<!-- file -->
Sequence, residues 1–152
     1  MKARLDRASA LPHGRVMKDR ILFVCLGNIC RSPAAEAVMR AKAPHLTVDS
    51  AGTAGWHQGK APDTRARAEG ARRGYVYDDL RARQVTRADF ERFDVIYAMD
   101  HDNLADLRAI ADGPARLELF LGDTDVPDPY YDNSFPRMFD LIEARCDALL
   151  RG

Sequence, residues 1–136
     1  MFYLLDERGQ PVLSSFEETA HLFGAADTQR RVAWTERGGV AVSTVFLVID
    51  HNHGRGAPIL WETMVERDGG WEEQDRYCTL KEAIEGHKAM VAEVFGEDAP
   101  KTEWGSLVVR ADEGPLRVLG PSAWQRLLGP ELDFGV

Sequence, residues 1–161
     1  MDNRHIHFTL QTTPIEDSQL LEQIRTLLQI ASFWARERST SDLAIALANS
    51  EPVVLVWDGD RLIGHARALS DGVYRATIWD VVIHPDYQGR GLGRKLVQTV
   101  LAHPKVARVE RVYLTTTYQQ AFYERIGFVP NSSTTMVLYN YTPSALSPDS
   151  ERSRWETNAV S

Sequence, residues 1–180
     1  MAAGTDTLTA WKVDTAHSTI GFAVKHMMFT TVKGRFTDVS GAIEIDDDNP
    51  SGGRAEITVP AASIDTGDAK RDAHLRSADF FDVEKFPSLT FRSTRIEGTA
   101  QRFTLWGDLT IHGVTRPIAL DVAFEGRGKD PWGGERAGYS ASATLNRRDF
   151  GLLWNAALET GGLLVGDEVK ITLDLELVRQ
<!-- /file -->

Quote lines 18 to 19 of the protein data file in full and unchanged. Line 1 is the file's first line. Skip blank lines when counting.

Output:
   101  QRFTLWGDLT IHGVTRPIAL DVAFEGRGKD PWGGERAGYS ASATLNRRDF
   151  GLLWNAALET GGLLVGDEVK ITLDLELVRQ